Thursday, July 8, 2010

If Coca-Cola and Guinness Can Get There, Then What About Health Care?

On Wednesday (June 29), I joined the Amansie West Ghana Health Services District Director and his field team on a site visit to one of the community health centers that refers patients to St. Martin’s Hospital in Agroyesum. St. Martin’s Hospital is the only hospital, only facility with physicians, and only facility staffed with medical personnel that are prepared to handle obstetric emergencies in the entire district of Amansie West (over 100,000 people). Since I was unable to get a good grasp from my conversations and interviews with midwives and other staff as to how far some of these pregnant women travel to seek care at St. Martin’s Hospital, I jumped at this chance to find out for myself.

My first indication that this trip would be a long and bumpy one was when the District Director said he’d need to borrow a truck from St. Martin’s Hospital to get us there. We were traveling to the Keniago sub-district to visit the Nunipankyeremia Community Health Planning and Services Zone (CHPS pronounced “chips”). A CHPS zone is a health facility that is located “at the door steps of clients” and is either staffed by a nurse, midwife, or medical assistant trained to provide basic health care and know when to refer patients to the hospital if necessary. The Amansie West District has seven sub-districts and each sub-district has an average of three community health facilities.

Everyone at St. Martin’s hospital has said that the roads to Agroyesum were terrible. However, they neglected to mention that a lot of the people coming to their hospital do not have the luxury of even dirt or rocky roads. I discovered a new level of terrible on Wednesday. These roads were not just unpaved, but at least thirty percent of the trip was driving through a riverbed that was nearly all dried up. Every time we approached a large puddle, I’d begin to picture myself standing behind the truck and pushing it with my weak little arms. Thankfully, those images remained images. I’m a relatively healthy young woman. Though after two and a half hours of being tossed up, down, and every which way to get to Nunipankyremia, I felt rattled and exhausted. Just imagine an eclamptic pregnant woman in labor seizing on that same journey in the middle of the night. Health care, it’s really not easy to come by.

Along the way to Nunipankyremia, we passed through several other villages. Some of them had some sort of community health post like a CHPS zone and some were completely without. But, nearly every village had at least one tiny convenience store that carried Coca-Cola and Guinness. Does this strike anyone else as strange? I bet access to a reliable source of electricity and water is not as reliable as finding Coca-Cola and Guinness whenever you want it. How did Coca-Cola and Guinness manage to penetrate every remote village in Ghana? Is it their marketing strategy (they do have the best World Cup commercials) or is it the product itself? If Coca-Cola and Guinness can reliably be transported to these remote villages, why can’t quality health care follow suit?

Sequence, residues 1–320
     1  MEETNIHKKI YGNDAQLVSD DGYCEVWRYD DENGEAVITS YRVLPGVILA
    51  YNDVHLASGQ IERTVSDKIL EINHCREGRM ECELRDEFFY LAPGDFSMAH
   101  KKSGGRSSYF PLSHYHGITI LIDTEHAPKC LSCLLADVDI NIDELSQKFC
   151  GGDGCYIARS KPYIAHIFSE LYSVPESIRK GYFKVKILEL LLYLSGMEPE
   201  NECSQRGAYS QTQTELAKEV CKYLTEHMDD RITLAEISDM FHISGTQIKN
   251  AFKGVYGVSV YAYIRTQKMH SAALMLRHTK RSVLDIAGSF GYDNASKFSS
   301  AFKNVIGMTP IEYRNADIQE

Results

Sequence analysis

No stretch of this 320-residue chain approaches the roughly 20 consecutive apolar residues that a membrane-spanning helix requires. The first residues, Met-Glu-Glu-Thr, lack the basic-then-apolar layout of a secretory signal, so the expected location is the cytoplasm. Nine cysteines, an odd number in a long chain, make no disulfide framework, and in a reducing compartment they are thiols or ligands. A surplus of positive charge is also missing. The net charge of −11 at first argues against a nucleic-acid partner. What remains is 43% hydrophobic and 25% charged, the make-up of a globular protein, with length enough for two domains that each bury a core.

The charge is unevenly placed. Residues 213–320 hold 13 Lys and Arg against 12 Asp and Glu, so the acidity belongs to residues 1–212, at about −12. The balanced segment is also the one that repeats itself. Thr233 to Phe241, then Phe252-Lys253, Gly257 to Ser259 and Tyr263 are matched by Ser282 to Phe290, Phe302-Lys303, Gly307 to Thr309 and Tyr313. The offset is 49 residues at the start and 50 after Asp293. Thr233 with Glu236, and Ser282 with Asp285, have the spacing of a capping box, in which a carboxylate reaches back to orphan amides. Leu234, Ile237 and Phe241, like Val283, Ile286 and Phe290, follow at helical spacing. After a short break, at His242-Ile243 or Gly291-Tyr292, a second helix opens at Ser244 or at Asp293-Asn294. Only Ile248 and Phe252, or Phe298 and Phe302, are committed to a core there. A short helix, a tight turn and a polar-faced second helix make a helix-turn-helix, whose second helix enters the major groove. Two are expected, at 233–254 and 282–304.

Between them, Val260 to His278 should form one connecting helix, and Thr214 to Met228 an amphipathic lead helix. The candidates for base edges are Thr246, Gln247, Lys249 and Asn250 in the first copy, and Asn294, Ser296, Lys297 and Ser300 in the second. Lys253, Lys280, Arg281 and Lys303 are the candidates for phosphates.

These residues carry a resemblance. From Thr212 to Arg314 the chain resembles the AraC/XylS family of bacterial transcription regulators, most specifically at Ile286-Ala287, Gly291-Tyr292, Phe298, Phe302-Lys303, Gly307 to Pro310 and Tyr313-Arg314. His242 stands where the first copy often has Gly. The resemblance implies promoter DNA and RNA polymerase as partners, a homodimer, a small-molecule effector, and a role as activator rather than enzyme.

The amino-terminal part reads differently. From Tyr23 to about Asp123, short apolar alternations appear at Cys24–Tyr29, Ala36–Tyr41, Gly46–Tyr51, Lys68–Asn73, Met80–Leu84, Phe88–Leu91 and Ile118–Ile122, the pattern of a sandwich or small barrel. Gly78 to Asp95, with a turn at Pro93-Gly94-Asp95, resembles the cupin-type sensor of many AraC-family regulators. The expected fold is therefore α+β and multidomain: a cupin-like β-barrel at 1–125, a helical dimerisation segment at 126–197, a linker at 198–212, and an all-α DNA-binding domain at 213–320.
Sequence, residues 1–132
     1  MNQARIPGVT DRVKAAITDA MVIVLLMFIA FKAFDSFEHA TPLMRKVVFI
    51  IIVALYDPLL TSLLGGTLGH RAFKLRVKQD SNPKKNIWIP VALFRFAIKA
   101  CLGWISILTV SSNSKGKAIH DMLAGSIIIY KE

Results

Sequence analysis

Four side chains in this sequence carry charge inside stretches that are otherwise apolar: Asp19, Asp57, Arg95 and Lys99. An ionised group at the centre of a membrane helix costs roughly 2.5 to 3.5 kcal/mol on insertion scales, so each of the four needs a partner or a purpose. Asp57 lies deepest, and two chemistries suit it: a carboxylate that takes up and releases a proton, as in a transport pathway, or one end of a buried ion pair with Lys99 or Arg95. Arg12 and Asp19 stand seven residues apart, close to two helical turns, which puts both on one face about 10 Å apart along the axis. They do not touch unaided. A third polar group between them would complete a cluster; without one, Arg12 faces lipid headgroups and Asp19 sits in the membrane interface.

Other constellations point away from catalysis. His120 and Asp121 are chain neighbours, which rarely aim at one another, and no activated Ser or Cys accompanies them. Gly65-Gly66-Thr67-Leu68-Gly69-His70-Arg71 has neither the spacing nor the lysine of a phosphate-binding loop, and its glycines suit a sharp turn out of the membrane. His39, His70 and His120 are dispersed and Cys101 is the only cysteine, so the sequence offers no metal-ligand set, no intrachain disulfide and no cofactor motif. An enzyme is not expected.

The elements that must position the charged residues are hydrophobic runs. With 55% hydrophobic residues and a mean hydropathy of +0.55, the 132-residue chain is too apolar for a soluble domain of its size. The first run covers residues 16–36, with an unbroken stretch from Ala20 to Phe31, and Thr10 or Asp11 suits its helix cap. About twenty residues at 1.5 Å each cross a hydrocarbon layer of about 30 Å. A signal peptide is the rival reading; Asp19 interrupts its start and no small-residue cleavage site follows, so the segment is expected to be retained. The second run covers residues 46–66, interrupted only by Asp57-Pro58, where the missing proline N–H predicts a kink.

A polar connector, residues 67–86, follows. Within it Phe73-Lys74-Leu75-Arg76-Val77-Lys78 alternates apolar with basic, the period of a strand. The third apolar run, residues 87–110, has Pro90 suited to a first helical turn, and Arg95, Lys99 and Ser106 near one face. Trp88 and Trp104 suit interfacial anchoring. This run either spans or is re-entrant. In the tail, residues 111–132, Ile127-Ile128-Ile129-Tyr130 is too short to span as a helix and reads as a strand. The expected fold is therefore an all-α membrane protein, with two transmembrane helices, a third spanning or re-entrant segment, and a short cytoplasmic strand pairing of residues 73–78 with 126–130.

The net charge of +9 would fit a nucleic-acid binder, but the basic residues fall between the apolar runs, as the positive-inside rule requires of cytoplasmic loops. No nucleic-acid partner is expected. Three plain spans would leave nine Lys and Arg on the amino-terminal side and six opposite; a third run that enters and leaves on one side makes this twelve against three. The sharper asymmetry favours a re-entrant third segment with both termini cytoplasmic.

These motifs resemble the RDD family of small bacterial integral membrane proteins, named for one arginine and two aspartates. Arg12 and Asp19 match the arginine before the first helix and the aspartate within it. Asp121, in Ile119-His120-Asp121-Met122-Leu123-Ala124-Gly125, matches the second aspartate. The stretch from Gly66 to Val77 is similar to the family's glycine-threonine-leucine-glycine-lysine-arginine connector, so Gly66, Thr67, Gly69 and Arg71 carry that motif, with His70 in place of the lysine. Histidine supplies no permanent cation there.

Our arrival at Nunipankyremia prompted a town meeting. Leaders and citizens of the village all gathered in the “main square” of the village to voice their concerns and grievances about the CHPS zone health facility. Some of these included more trained staff who could treat trauma cases and increase the amount of cases that don’t need to be referred to St. Martin’s Hospital and transportation support for emergency transport. My impression from the exchange at the meeting is that one of the major challenges that Ghana’s health care system faces is one of human capacity (topic of my research). There simply are not enough trained mid-level providers (nurses, midwives, medical assistants) and higher-level providers such as physicians and specialists at the district level and rural communities. They are still concentrated in teaching hospitals of the bigger cities. While in the US we are facing a supply generated problem of too much heath care (a conclusion of the Dartmouth Atlas Study), Ghana’s current human capacity building strategy tries to leverage the supply-driven economy of health care to its advantage. If you build a community health facility, staff it with at least one trained provider, then the patients will come and the overall health of the community will improve. But, it’s not that easy to recruit trained providers to work in these community health facilities.